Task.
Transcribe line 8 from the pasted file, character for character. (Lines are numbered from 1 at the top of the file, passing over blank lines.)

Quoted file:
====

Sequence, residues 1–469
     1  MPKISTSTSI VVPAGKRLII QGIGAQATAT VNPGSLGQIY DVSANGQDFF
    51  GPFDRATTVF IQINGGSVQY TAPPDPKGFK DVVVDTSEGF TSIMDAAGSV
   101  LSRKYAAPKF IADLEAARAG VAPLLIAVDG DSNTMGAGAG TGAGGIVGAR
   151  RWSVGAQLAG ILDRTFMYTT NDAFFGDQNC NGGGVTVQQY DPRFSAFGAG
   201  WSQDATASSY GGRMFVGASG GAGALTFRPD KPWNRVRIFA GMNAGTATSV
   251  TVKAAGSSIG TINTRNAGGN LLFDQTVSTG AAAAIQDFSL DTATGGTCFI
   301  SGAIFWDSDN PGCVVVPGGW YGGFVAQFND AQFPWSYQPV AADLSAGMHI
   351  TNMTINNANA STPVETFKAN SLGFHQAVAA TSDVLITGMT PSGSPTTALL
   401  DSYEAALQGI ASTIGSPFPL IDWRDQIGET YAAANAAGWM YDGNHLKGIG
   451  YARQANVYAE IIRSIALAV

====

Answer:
   301  SGAIFWDSDN PGCVVVPGGW YGGFVAQFND AQFPWSYQPV AADLSAGMHI